As can be seen in Graph 1 currency exchange effects have caused problems for producers’ sales revenues, with LafargeHolcim, HeidelbergCement and Cemex all reporting falling sales on a direct comparison. Subsequently like-for-like adjustments have cropped up repeatedly on balance sheets to try and present a more investor-friendly picture, although even this has still seen LafargeHolcim and HeidelbergCement report small declines. In this sense it’s a little unfair to include India’s UtraTech Cement, given that the bulk of its business is in just one country. Operating in just one country though has its own risks, one of which we’ll discuss below.
Unsurprisingly, given the poor sales, the focus for the multinationals has generally been on earnings measures such as operating earnings before interest, taxation, depreciation and amortisation (EBITDA). Here, LafargeHolcim and Cemex have done far better as they have streamlined their businesses. For example, LafargeHolcim’s operating EBITDA rose by 12.9% year-on-year to Euro4.895bn in 2016.
Graph 2: Cement sales volumes from multinational cement producers in 2015 and 2016 (Mt). Source: Company financial reports.
Graph 2 looks at cement sales volumes. Most of the producers have made small gains or losses in 2016 with the stark exception of LafargeHolcim. Its cement sales fell by 12.9% to 233Mt in 2016. More alarmingly, for the fourth quarter of 2016 LafargeHolcim blamed an increased rate of declining cement sales volumes on demonetisation in India, tough trading conditions in Indonesia and a unusually good year (in 2015) to compare itself against in the US.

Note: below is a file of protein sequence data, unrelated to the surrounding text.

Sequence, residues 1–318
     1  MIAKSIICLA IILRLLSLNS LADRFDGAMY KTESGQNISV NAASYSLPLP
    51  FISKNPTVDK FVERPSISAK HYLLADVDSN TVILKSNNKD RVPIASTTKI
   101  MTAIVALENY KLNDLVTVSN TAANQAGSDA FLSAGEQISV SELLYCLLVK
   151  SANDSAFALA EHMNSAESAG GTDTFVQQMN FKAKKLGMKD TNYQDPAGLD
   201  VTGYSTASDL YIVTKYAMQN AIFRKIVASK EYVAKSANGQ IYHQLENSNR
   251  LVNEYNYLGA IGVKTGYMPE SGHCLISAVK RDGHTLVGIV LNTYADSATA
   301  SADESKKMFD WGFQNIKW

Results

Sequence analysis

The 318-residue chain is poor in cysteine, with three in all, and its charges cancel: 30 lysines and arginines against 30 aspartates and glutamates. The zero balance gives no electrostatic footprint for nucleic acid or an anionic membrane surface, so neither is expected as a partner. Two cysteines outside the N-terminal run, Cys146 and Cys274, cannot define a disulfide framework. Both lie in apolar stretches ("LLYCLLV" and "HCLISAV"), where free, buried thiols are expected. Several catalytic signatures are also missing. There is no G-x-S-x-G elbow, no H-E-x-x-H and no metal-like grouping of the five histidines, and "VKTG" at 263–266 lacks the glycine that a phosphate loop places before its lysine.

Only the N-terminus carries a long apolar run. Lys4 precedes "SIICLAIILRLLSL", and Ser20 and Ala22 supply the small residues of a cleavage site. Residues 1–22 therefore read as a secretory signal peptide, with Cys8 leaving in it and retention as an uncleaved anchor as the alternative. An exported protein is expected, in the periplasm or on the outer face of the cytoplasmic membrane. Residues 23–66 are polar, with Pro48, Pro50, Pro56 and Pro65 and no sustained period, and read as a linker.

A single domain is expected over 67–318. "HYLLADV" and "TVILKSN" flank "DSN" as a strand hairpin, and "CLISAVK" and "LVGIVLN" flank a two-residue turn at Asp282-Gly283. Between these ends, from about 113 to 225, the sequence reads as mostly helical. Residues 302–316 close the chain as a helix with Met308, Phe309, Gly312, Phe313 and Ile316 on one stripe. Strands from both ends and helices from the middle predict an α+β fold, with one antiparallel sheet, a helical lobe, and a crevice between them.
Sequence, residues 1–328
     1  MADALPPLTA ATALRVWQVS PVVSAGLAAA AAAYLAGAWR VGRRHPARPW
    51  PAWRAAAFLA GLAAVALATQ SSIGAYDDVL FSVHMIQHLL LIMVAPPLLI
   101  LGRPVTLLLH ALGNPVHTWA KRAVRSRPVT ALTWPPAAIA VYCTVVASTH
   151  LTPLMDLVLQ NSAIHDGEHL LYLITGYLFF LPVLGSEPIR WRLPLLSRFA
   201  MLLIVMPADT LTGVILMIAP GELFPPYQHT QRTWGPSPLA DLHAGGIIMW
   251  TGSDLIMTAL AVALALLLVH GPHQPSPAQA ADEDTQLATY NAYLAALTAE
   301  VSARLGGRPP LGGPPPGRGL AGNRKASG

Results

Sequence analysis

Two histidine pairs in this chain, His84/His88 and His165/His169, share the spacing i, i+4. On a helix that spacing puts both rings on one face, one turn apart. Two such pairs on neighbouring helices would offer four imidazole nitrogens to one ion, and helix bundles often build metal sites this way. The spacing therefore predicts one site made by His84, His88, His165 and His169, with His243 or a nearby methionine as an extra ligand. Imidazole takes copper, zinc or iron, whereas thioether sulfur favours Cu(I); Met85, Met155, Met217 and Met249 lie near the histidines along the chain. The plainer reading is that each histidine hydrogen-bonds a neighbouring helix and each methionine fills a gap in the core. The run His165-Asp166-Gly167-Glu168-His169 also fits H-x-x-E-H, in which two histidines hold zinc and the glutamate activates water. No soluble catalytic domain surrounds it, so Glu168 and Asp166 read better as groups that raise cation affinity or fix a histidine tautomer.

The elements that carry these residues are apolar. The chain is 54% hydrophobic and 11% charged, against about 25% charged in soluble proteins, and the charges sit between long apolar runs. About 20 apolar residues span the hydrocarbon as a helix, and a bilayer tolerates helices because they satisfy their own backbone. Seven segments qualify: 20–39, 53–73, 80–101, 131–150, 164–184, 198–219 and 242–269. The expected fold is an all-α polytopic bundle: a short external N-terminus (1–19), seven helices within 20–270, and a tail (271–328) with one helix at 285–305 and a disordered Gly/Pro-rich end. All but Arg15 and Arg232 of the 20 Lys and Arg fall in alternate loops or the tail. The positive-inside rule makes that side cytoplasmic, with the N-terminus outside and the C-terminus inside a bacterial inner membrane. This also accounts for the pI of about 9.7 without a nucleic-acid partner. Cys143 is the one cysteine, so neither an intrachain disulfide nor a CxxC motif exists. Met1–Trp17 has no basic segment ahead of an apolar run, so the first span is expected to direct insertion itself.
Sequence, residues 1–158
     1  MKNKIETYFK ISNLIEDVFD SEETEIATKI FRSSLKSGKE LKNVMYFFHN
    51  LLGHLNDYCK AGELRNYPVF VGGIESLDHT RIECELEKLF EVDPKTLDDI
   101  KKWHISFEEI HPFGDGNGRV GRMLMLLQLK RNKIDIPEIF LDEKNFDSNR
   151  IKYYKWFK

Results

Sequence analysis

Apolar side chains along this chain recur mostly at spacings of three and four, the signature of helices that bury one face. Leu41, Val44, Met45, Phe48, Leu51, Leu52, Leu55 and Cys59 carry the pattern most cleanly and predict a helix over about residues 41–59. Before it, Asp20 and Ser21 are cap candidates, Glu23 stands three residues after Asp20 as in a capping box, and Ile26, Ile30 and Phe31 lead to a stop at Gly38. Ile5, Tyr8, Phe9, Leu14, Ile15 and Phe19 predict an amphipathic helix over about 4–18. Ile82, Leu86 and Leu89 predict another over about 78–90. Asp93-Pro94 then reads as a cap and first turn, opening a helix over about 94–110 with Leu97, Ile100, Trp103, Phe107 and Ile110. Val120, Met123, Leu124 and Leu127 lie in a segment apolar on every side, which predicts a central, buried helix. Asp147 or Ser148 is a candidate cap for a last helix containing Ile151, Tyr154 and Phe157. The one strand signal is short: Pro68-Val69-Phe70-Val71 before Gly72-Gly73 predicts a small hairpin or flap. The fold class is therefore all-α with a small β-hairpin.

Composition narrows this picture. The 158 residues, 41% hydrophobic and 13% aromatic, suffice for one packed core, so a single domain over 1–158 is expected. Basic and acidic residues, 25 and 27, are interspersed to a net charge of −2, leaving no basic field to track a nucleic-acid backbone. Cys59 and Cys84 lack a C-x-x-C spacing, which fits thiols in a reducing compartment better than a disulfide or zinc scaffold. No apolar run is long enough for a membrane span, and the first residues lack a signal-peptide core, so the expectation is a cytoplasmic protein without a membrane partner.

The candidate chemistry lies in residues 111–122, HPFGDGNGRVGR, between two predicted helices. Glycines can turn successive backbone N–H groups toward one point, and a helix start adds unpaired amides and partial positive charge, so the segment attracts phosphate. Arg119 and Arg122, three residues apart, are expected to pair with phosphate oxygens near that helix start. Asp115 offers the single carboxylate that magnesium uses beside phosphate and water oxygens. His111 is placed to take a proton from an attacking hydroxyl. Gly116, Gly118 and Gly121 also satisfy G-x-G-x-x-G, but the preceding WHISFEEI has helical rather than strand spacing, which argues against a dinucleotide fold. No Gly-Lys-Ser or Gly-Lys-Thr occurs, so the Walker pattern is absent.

On that point about India, UltraTech may not have released any sales volumes figures but other larger Indian producers have experienced problems with the government’s decision to remove certain banknotes from circulation in November 2016. A report by HDFC Securities this week suggests that cement volumes fell by 13% year-on-year in January 2017 following a 9% decline in December 2016. The country may be facing its first decline in cement sales volumes since 2001. This is squarely down to government policy.
On a regional basis probably the most worrying theme has been an apparent slowdown in the US towards the end of the year. As mentioned above LafargeHolcim has blamed it on a good previous year and Cemex concurred. Buzzi Unicem also reported the same trend but didn’t attribute it to anything in paticular. President Donald Trump’s push for US$1tr investment on infrastructure in the US should help to reverse this along with anything that happens with his Mexican border wall plans.
The other area to pay attention to is Indonesia. Both LafargeHolcim and HeidelbergCement reported tough trading here prompted by production overcapacity. Locally, Semen Indonesia said this week that its sales revenue fell by 3% to US$1.95bn in 2016 and it still has new cement plants to be commissioned in 2017.